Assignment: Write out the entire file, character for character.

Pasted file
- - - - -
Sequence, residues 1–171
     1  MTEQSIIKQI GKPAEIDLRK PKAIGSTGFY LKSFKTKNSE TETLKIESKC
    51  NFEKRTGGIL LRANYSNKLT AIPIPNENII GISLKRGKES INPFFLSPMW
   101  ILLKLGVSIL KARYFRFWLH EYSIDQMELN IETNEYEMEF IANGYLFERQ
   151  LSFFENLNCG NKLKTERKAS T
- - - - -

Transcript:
Sequence, residues 1–171
     1  MTEQSIIKQI GKPAEIDLRK PKAIGSTGFY LKSFKTKNSE TETLKIESKC
    51  NFEKRTGGIL LRANYSNKLT AIPIPNENII GISLKRGKES INPFFLSPMW
   101  ILLKLGVSIL KARYFRFWLH EYSIDQMELN IETNEYEMEF IANGYLFERQ
   151  LSFFENLNCG NKLKTERKAS T